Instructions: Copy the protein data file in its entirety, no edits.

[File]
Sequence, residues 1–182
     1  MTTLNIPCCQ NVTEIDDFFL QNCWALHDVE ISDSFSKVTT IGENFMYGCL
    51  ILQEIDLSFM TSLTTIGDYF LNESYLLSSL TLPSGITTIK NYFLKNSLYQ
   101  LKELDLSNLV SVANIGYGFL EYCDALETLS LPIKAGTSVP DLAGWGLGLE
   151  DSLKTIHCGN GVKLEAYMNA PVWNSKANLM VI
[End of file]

Sequence, residues 1–182
     1  MTTLNIPCCQ NVTEIDDFFL QNCWALHDVE ISDSFSKVTT IGENFMYGCL
    51  ILQEIDLSFM TSLTTIGDYF LNESYLLSSL TLPSGITTIK NYFLKNSLYQ
   101  LKELDLSNLV SVANIGYGFL EYCDALETLS LPIKAGTSVP DLAGWGLGLE
   151  DSLKTIHCGN GVKLEAYMNA PVWNSKANLM VI